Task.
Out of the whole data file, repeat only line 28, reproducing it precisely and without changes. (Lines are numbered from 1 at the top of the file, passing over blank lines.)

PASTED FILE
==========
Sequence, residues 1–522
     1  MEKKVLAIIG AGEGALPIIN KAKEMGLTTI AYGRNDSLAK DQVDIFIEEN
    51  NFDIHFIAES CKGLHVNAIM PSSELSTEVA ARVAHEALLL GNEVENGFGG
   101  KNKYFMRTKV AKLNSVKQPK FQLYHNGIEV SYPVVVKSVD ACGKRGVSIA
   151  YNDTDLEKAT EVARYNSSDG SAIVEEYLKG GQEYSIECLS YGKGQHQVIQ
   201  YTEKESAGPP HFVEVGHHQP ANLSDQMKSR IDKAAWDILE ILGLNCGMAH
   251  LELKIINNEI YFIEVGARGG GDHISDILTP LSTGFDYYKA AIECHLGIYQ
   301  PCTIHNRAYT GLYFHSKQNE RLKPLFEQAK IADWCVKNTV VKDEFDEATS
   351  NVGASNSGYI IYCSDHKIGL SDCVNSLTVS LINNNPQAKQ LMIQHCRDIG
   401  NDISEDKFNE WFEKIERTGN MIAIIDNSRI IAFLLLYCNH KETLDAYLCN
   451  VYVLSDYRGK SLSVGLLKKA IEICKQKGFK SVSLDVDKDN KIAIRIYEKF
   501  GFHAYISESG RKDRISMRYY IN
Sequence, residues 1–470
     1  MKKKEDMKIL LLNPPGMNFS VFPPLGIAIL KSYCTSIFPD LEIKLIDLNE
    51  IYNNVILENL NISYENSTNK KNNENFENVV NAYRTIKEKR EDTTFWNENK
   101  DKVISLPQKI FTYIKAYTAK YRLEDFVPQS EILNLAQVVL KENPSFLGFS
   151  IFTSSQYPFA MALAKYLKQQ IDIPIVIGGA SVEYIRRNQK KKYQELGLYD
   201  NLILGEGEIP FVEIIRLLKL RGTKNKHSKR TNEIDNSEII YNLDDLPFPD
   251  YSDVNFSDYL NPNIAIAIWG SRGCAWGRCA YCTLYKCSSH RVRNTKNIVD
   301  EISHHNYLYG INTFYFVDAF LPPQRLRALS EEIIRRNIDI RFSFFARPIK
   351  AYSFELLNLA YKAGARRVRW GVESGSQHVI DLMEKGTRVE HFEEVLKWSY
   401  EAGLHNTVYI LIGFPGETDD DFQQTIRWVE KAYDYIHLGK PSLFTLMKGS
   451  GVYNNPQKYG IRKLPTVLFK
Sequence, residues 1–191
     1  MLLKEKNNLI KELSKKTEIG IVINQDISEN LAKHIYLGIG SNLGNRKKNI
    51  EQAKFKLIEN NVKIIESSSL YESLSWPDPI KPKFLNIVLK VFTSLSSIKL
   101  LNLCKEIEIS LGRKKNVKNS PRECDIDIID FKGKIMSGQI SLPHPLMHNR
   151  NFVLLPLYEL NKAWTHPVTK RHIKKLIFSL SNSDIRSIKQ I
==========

   151  NFVLLPLYEL NKAWTHPVTK RHIKKLIFSL SNSDIRSIKQ I